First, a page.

Last updated on Jan 31st, 2021 at 04:54 pm
Single parenting is a reality faced by millions across the world. Fatherless homes are quite the norm in South Africa. Over 50% of South African households are without a father. A small number of these families have lost a father to death, while the rest of the fathers are alive but absent.
Nonkululeo Sibiya has been very open about how she became a single mother with her third and youngest child Amkelokuhle. Amkelokuhle is 3-years-old now and was born on 14 July 2017.
During her pregnancy, her then partner was very supportive and excited for the birth of his son. According to Nonkululeko, “he treated me like a queen”. She was spoilt rotten and was supported throughout the pregnancy.
A few hours after Amkelokuhle’s birth, his father left their home and he never came back. Nonkululeko had no idea where he went off to and only found out when her son turned 6-months-old.
Turns out, the baby’s father went to go pay lobola (bride price) for another woman and subsequently had a traditional wedding. She found all this out through his WhatsApp stories.
This came as a big shock to her because they were living together throughout the pregnancy and she never suspected that he was in the process of paying lobola for someone else.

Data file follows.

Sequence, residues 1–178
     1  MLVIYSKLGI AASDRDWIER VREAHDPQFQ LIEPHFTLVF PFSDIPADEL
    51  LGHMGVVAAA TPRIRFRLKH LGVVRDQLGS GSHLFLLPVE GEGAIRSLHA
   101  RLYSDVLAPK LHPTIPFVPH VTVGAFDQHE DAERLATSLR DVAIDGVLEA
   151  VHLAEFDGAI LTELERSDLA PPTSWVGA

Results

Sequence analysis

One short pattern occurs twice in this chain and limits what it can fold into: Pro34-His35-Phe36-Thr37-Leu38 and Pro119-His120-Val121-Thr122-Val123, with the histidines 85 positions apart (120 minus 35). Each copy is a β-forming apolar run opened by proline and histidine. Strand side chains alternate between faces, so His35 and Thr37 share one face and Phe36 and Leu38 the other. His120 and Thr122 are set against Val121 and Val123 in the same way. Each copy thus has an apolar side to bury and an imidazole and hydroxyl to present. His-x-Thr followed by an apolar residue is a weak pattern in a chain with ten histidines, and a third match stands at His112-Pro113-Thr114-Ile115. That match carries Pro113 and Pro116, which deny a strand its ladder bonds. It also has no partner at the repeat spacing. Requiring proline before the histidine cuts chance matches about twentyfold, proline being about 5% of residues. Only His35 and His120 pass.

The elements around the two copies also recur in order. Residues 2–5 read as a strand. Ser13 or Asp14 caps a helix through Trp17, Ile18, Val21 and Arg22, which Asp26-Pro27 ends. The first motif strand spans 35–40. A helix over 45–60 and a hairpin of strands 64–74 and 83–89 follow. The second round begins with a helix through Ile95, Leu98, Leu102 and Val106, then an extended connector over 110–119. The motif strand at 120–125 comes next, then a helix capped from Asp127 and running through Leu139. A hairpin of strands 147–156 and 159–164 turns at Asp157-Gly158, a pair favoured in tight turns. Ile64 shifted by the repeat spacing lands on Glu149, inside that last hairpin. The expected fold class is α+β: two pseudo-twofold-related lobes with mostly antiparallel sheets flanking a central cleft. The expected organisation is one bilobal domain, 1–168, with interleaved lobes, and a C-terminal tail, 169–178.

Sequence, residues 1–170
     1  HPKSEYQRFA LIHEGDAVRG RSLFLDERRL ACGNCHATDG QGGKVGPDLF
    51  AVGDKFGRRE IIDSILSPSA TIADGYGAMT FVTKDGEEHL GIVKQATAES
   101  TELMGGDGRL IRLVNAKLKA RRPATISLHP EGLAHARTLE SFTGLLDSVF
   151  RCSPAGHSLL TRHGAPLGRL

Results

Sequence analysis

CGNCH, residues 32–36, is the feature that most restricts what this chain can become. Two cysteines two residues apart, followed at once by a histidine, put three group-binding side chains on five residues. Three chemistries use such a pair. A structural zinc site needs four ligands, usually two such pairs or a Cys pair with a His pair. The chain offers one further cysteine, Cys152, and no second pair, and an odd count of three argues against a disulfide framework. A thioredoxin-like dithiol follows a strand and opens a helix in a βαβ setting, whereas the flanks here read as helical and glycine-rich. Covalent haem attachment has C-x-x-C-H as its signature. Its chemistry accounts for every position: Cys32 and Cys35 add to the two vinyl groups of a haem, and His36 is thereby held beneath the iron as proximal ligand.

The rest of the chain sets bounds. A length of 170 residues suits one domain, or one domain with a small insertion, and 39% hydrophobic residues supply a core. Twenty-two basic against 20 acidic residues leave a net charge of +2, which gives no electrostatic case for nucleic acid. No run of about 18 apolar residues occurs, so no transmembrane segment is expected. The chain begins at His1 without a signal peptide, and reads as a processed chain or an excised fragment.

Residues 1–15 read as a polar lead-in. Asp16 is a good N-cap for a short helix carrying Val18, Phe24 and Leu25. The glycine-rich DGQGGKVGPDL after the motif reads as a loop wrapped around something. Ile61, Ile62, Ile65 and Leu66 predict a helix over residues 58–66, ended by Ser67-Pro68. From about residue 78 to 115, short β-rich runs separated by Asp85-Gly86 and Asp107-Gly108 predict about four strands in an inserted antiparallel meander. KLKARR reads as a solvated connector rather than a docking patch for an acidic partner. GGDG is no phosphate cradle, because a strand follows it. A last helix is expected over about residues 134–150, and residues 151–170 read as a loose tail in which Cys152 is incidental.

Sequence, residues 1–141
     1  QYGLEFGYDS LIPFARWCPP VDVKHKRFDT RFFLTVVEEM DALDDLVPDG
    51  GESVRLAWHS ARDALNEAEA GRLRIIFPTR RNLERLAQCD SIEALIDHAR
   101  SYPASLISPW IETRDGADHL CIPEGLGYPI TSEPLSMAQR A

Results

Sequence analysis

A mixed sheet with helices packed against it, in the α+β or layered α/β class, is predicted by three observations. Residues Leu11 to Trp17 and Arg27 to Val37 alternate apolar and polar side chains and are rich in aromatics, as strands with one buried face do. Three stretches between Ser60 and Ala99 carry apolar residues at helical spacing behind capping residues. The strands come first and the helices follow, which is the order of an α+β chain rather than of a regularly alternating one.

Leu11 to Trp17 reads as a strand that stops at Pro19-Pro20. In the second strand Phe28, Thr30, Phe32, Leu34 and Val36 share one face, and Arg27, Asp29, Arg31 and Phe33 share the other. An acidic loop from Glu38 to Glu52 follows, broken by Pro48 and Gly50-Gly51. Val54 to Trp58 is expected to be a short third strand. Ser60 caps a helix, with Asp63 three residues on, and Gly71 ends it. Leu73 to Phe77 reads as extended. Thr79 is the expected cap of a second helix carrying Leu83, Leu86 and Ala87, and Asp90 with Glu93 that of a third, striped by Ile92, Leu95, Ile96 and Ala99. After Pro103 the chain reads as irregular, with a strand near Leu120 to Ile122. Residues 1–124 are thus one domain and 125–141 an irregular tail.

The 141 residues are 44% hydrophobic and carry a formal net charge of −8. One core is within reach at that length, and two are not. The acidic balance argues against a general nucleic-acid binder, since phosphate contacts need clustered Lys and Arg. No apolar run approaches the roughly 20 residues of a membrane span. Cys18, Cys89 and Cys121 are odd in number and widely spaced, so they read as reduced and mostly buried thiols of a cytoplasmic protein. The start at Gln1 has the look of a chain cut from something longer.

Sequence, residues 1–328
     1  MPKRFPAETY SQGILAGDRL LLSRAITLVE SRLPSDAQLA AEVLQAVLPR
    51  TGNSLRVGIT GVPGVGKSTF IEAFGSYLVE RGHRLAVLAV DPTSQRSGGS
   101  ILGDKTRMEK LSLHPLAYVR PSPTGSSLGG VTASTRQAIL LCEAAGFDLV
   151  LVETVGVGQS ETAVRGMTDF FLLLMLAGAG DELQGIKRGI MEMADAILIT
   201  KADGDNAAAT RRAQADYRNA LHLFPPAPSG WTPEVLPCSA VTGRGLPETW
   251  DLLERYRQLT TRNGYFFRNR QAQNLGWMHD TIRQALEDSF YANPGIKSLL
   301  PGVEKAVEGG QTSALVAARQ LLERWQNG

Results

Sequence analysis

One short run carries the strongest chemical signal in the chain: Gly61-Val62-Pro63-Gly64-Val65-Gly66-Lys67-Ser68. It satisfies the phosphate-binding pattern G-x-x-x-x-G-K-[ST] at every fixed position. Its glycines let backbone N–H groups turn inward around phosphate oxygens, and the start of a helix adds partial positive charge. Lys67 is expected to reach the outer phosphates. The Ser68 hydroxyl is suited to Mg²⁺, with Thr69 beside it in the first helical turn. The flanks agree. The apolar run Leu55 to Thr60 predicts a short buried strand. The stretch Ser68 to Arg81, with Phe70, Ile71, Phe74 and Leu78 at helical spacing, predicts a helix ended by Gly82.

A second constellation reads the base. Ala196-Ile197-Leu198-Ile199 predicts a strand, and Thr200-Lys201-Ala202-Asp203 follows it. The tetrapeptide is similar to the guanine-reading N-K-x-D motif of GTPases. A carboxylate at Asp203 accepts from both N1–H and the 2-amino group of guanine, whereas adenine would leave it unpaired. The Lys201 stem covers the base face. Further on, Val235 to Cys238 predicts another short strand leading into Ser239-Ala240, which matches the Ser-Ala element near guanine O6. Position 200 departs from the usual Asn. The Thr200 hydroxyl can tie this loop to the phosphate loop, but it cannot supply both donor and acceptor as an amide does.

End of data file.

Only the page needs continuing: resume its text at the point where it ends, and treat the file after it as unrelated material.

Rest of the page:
“I have never been so hurt, humiliated, and embarrassed in my life” she shares in a Facebook post.
Nonkululeko shares her journey so openly because it’s important for her to teach other women that “it can happen to you and nothing in life is guaranteed”. A lot of women dream of weddings, healthy marriages, and solid families. That is not always the case and life throws you punches, knocks you down, but you have no choice but to get up again.
She shares that “I nearly died as stress was taking over my life but I told myself I had a human being I had to think of and take care of.”
She recently posted in the #I’mStaying Facebook group and received words of encouragement from more than 2000 South Africans, getting over 20 000 likes.
According to Nonkululeko, the child’s father was very supportive until he formally got married. The conflict between herself and the father’s wife has made it difficult for his father to be involved. The wife has to approve any payments made to her for the child and she has completely blocked off access to the child’s father.
This means that for Nonkululeko and Amkelokuhle, his father is completely absent from their lives. According to her, “he sees the child once or twice a year”.
Child maintenance has become an issue, and Nonkuleleko, a mother of three, has to tend to most of Amkelokuhle’s needs on her own.